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The KRK KNS-8400: you can have it all. - Page 2

post #16 of 451
Quote:
Originally Posted by electropop View Post

Of course you are right about the subjectivity. (Kind of eats away from this site though regular_smile%20.gif) I might find negatives later on, but it was quite apparent to me by my standards, which was the better one. I'm more confident I'll get used to the minor differences to my current reference, the K272. 

 

3-4% might be about right for tonal issues. I wouldn't be able to comment on that, my hearing is not that good... Or I just listen to different things :)

 

The 8400, as I said, was the clear winner. Let me quote myself: "disregarding voicing preferences, tonal balance, FR and the such." Objectively, they simply were better at distinguishing notes, especially the brass and bass I got to hear from the Nucleus albums. With the 6400, I could not hear the bass groove nearly as well as with either my K272 or the 8400. The tonality was good and I had no problems with that. But it was weird how much they differed in the aforementioned aspect... For a musician who seeks to be able to tab notes, for instance, the 8400 just win hands down. I don't think I need to spend any more time with the 6400, since I don't care about sound itself, but the musical accuracy a headphone delivers. By this I simply mean: to distinguish variations in pitch. I've noticed that if a headphone does this right, it excels in many other parts as well. 

 

I didn't pay attention to the forwardness or soundstaging of the mids, but the 8400 were cleaner and more clear, were it indeed guitar, drums, trumpet, saxophone or oboe. For simpler music, without as much melodic layers, tracks, harmonics and modality, the 6400 might do just as good and I'd be much more hard pressed to tell the difference. Put on some Zappa, Miles Davis or indeed Ian Carr's Nucleus (more groovy) and the difference in performance speaks for itself. normal_smile%20.gif

 

Anyways, can't wait to get them. They were highly comfortable as well. Very light, felt kind of cheap and hollow with the plastic, but not too breakable. Expected more from the memory foam, but it did the job and was at least better from the 6400 pads.


I think I got that impression too. Especially when taking them out of the box! They're holding up very,very well though.

With your comments, it does make a lot more sense now why you'd prefer the 8400. It's good to know at least that it MIGHT be able to compete with the K272HD.

 

 

 

post #17 of 451

Not just might. It sure does and from initial impressions seemed to do many things even better! I'm never scared to admit something's better if I come across something that truly is :)

 

But given the limited time and test material, no way to tell for sure which I'll prefer in the long run. Might've been that I just heard more into the bass-grooves due to the slight boost (compared to the K272HD). I don't mind that though, since while commuting the bus-engines seem to eat away the bass-frequencies a bit anyway...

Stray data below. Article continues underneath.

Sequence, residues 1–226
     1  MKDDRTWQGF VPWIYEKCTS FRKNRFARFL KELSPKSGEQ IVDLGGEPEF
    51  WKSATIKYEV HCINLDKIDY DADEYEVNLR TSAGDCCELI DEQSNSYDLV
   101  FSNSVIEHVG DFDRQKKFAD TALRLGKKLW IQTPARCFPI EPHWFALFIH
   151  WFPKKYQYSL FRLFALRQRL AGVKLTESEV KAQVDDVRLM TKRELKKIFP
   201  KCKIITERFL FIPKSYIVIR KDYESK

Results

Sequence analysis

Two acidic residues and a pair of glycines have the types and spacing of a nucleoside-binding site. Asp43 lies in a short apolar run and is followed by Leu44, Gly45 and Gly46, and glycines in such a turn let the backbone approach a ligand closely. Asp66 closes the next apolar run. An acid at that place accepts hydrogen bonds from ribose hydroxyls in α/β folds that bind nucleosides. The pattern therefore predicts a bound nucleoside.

Though the brass was pretty amazing as well. It sounded different, even more, dare I say "real" than the 272, while maintaining the ability to distinct even the slightest differences in pitch. Always nice to be able to interpret a musician even further than you thought you had done.

 

Big thank you though! If it weren't for you and that other guy (ummmmmmmm..?), I don't think I would've set my eyes on these. 

 

But, enough for excitement. We'll see soon enough :)

post #18 of 451

The 8400's have burned in now for a fairly significant amount of time.. close to fifty hours.

 

Wow.

 

If I had to describe the sound now:  gorgeous, clean, controlled, and dynamic.  The bass has excellent presence now.. it's still monitor like in sound and impact, but it does not leave me wanting when taking into account how the phones sound as a whole.  Bottom line, it's not an issue any more for me.

 

I don't know if this is simply my ears getting used to the phone, them improving with burn in, or spending some time away from them to let my ears recalibrate.. a combination of all of the above, or something else.. but the soundstage is really excellent on these now.  Quite impressive for a closed phone actually.  The soundstage extends at least 180 degrees wide from left to right, depth is average.  I consider it a non-issue cause imaging & instrument placement is simply superb.  Easily some of the best use of soundstage I've heard in a phone.  Overall, the soundstage has actually come to be one of the more impressive aspects of this closed phone.  Sweet irony considering it was a point of contention early on.